Dedicated Semester 2019: Memory

HomeAcademic NewsDedicated Semester 2019: Memory

The human experience is deeply rooted in memory. It is the raw material of personal identity and community. It informs our narratives, generates our myths, justifies our politics, and sustains our cultures. Memory gives us our autobiographical individual selves, yet memory also binds us to one another. In spite of this, memory is always contentious and selective, even traumatic, and its meanings are subjective. Thus, paradoxically, memory also divides our ideologies, our faiths, our daily experiences. In his famous 1918 essay on seeking a “usable past,” Van Wyck Brooks argued, “The spiritual past has no objective reality; it yields only what we are able to look for in it.” The Dedicated Semester will examine these concerns, with special emphasis on the technologies of memory, the effect of memory on personhood throughout the life cycle, and the ways in which memory, culture, and identity are linked.

SCHEDULE OF EVENTS

Ongoing

Fontbonne: Now and Then
An exhibit in partnership with the library, advancement, and department of humanities, to include development of an online archive to be stored in the new institutional repository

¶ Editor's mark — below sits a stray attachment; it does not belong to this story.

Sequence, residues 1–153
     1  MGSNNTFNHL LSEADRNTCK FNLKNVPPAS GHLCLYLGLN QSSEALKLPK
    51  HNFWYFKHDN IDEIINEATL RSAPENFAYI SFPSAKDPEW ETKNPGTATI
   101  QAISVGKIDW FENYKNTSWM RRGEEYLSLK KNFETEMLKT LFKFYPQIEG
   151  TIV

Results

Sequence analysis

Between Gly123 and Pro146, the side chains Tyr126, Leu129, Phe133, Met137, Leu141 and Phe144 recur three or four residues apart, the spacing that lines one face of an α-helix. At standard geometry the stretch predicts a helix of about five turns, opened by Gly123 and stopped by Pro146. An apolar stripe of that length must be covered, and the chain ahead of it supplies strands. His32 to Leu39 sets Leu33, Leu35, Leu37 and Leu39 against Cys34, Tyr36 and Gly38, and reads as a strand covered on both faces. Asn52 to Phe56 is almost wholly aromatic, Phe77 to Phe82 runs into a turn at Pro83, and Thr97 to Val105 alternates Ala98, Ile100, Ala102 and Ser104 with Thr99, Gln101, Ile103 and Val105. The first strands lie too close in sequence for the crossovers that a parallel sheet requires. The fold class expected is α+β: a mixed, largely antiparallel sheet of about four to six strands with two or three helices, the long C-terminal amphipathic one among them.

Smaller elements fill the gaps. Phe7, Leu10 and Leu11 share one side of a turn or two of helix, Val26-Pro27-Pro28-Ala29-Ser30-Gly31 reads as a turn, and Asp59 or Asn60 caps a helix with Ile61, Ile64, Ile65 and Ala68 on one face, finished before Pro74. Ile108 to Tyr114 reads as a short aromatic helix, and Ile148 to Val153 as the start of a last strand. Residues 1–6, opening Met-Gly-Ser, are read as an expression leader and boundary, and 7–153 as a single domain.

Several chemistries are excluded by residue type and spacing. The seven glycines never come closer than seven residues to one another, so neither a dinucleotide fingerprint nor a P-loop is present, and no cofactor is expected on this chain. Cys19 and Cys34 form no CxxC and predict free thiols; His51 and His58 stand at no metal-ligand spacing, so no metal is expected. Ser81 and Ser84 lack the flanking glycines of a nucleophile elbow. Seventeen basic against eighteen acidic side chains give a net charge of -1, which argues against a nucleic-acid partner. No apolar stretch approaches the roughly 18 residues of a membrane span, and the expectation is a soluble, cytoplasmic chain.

August
28: Film screening: Alive Inside (documentary on music, memory, and Alzheimer’s), 11:00 AM, Lewis Room

September
4: Convocation speaker: Andrew Butler, Washington University Associate Professor of Psychological and Brain Sciences, on the malleability of memory, 10:15 AM, DSAC Gym

10: Creative Writing Club meeting with memory writing prompts, 6:00 PM, East 105

11: September 11 memory wall

18: Ben Moore, speaking on John Gergen and remembering Soulard, 11:00 AM, AB 203

20: Bellefontaine Cemetery Tour, 1:30-3:30

25: Film screening: The Language You Cry In (documentary about the Gullah culture of the southeast and its connections to West Africa that have endured the Middle Passage, slavery, and segregation), 11:00 AM, Lewis Room

October
3: Class visit from Nick Sacco, ranger at the Ulysses S Grant National Historic Site, 3:30 PM, East 103

7: Zahid Anwar and Jason Finley, talk on computer memory vs. human memory, 2:00 PM, Lewis Room

8: Field trip and tour to Whitehaven (Ulysses S Grant home) with Nick Sacco

14: Jason Finley, Janus seminar on mnemonic devices, 11:00 AM, Library 05

23: Film screening: Rashoman, 11:00 AM, AB 202

28: Halloween memory wall

November
6: Film screening: Memory Hackers (documentary on biology and memory), 11:00 AM, Lewis Room

11: Family memory wall

11-15: Visiting artist, Deborah Aschheim student workshops, exhibit, and lecture (details TBA)

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